By Joe Granato, Star Ridge Aquatics, Carthage, NC Originaly published in Passion for Water Spring 2009, Revised Summer 2014
Summer is officially in full swing and backyards are abloom! Part of the watergarden passion for many is picturing the beautiful water plants and water lilies. Water plants not only add color through flowers but also add form and structure. The plants help to soften the look of the rock and help transition the feature into the surrounding landscape. This article will spotlight some of the best choices to add color and texture to your water garden.
The first and most obvious of these would be the water lilies. These are available in two forms, hardy and tropical. Hardy refers to the plant having the ability to come back after a winter of dormancy or like a perennial. This does not mean it will survive all winter temperatures so make sure you are aware of your particular hardiness zone and the hardiness of the variety you choose as these vary. Hardy water lilies bloom in a variety of colors: white, pink, yellow, salmon, peach, red and changeable. Most have green leaves but some have burgundy mottling (large blotches or spots). The edges of the leaves of hardy water lilies are all smooth.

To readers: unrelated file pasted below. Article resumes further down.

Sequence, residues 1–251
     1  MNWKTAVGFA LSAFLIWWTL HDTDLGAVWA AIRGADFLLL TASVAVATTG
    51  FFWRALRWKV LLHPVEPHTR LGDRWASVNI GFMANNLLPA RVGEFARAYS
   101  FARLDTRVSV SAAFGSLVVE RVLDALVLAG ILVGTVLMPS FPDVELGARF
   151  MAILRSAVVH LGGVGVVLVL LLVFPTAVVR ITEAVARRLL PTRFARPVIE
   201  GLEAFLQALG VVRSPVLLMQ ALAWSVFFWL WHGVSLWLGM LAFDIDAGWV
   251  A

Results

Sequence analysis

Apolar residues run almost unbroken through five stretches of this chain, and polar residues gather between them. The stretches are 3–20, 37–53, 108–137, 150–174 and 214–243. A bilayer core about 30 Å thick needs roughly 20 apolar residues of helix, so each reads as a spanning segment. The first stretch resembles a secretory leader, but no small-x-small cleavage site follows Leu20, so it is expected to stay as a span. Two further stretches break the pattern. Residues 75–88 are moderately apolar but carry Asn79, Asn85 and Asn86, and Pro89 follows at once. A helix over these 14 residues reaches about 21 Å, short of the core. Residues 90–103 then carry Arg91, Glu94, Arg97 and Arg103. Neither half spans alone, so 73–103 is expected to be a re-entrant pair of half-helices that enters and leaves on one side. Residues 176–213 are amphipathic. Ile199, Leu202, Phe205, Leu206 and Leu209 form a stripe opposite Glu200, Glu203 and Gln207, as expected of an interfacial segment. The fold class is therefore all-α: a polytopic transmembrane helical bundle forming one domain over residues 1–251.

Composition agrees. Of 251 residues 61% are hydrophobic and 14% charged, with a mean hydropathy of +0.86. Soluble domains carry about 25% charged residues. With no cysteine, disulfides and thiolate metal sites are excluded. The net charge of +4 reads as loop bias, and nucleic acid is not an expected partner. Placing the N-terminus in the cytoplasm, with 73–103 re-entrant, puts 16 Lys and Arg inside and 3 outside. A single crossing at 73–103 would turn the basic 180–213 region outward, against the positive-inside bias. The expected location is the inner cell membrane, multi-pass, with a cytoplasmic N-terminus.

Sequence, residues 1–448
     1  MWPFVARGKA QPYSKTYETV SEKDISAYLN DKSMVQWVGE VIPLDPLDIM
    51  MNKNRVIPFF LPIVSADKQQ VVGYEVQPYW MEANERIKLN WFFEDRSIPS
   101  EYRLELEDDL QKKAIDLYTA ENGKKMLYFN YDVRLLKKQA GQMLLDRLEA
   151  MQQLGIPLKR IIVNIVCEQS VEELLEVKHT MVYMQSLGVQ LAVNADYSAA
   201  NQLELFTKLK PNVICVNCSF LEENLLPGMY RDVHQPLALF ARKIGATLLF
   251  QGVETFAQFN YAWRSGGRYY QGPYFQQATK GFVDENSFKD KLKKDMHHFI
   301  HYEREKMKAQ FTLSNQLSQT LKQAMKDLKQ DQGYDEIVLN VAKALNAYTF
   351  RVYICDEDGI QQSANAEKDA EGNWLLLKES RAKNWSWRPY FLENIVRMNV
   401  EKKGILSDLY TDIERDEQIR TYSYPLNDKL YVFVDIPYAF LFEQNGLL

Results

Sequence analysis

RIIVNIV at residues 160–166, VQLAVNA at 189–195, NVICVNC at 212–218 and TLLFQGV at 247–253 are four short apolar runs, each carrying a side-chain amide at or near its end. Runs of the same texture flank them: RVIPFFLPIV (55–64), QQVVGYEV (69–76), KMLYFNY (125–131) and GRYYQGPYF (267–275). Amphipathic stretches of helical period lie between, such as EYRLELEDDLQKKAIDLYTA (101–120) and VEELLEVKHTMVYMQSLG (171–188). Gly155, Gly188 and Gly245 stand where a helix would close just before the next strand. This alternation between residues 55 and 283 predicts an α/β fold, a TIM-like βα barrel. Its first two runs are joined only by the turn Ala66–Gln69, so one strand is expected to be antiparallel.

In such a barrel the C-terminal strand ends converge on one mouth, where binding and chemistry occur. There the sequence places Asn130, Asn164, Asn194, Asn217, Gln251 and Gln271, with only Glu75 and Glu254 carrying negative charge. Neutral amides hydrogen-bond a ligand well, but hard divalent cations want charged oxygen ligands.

Tropical water lilies do not have the ability to come back after winter dormancy. The plant does die in the winter but has the ability to produce tubers that can sprout and produce new plants. The reason that tropical water lilies are considered annuals is that the water temperature needs to be above 75ºF for the tubers to break dormancy and begin to grow. It then takes up to three months for the plant to reach maturity and begin blooming. In most areas it is the end of the growing season by the time they begin flowering. The leaves of tropical water lilies range from solid green to green with burgundy speckles, stripes or mottling. All tropicals have attractive serrations on the edges of the leaves.
The next group of plants that provide phenomenal color and structure are water lotus. The lotus is a perennial with very large leaves and large, showy flowers. The leaves of the lotus are completely round with a slight vase shape. These leaves are unique in shape and create an attractive architectural look to the water garden. These plants need very large pots to grow and bloom properly and require significant shelf space to support their large pot size. Lotus pots range in size from 18" to 36". Some lotus varieties can reach a height of 6' and a spread of the same. The color pallet for lotus includes white, yellow, pink, red and some combinations of these.
The final group of aquatic plants for adding color is referred to as bog or marginal plants. These are plants that grow in the shallow water along the side of the pond and stream edge. Some of the plants that bear mention are the water iris, water cannas, papyrus, taros and pitcher plants.